Ancient tree - Claire Miller

Ancient tree - Claire Miller

What are we doing to bring our woodlands back into balance?

Firstly, we are removing non-native trees. This must be done gradually to protect the soils and balance the light conditions to give the ancient woodland species the chance to thrive.

We are protecting our ancient trees. These have lots of different micro habitats, including dead wood, and hollow cavities which used by a range of creatures including the pine marten. We are protecting our veteran (future ancient) trees by removing non-native species from around them. Again, this must be done gradually to allow the trees to adapt to changing conditions in order to thrive. It is vital that there are different age trees as certain species live in trees of a certain age. For example, the Cosnards Net Winged Beetle lives in ancient beech trees and will need to find another home when its existing habitat starts to die.

We are leaving trees to decay naturally. Deadwood is an important habitat with a whole suite of fungi, beetles, flies, and other species relying on decaying wood.

We are supporting wildlife including reintroductions where appropriate. Pine martens became extinct in many areas of England because of woodland clearance, demand for their pelts and predator control by Victorian gamekeepers. We are supporting a pine marten reintroduction project led by Gloucestershire Wildlife Trust, Forestry England, Forest Research, and Vincent Wildlife Trust and supported by the Woodland Trust and Forest Holidays.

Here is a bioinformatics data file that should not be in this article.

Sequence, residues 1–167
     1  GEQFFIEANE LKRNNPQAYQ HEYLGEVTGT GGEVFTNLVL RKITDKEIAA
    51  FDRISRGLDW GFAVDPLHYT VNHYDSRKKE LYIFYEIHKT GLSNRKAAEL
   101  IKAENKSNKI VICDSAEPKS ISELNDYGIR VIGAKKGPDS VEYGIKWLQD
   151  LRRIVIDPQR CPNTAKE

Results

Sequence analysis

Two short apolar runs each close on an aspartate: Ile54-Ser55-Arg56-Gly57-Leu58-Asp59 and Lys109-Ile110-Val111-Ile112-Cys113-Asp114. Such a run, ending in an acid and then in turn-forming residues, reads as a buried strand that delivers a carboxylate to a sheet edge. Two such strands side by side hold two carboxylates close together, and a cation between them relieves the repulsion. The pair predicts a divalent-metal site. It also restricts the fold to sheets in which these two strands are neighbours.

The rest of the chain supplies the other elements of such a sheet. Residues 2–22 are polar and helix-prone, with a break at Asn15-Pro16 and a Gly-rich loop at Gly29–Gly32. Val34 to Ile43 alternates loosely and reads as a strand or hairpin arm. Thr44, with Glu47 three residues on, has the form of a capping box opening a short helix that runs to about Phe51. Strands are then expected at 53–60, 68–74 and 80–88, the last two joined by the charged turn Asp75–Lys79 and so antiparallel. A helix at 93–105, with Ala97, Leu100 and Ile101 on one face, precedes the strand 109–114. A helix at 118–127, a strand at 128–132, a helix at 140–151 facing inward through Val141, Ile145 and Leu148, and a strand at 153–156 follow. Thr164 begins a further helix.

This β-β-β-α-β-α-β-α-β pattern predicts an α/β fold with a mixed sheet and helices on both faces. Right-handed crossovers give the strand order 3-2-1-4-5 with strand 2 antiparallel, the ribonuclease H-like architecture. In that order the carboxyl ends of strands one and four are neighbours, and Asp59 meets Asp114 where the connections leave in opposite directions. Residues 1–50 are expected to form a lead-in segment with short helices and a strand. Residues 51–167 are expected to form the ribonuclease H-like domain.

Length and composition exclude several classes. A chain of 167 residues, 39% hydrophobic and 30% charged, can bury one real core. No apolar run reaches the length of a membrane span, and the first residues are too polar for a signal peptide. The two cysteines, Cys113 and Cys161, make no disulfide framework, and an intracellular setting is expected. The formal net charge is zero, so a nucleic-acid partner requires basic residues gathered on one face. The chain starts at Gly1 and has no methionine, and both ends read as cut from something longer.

Pine marten - Mark Hamblin/2020VISION

Pine marten - Mark Hamblin/2020VISION

Why pine martens?

Pine martens sit at the top of the food chain, as opportunists they eat what is plentiful including small mammals, and fruiting trees such as rowan, cherry, and hazel. They will eat birds and their eggs but mostly what is common and that includes jays, magpies, and other corvids which themselves predate on songbirds. They, along with all species in the food chain are vital for a healthy, balanced ecosystem.